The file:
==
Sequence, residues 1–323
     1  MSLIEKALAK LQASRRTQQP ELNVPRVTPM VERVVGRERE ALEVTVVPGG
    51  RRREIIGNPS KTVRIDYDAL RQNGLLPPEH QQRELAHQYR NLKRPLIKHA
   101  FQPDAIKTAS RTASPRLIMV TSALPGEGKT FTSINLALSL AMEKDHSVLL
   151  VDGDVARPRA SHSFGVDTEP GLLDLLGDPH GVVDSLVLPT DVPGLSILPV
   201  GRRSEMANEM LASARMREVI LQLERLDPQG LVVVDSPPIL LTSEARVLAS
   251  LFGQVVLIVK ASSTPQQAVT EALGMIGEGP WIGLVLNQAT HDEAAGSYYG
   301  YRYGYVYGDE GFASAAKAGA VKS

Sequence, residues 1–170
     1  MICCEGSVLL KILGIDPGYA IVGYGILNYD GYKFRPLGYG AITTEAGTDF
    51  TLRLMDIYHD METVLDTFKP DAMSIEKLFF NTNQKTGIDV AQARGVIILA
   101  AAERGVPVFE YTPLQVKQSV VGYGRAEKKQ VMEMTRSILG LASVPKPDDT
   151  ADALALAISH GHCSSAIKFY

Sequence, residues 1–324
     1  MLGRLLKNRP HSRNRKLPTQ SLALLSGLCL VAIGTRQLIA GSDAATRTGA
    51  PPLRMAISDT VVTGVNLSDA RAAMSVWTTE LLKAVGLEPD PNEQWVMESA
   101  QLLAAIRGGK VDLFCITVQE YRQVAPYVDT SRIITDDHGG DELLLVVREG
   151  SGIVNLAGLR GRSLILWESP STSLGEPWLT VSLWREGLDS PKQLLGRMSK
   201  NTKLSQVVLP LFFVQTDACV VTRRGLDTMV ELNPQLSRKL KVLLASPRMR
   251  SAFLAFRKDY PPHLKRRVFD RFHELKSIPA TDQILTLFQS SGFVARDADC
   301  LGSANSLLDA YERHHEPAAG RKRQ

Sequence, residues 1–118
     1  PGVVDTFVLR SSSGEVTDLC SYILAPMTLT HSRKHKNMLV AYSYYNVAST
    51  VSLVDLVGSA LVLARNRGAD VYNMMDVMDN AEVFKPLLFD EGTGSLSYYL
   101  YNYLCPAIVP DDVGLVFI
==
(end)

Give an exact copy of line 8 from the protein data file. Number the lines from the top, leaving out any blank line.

   301  YRYGYVYGDE GFASAAKAGA VKS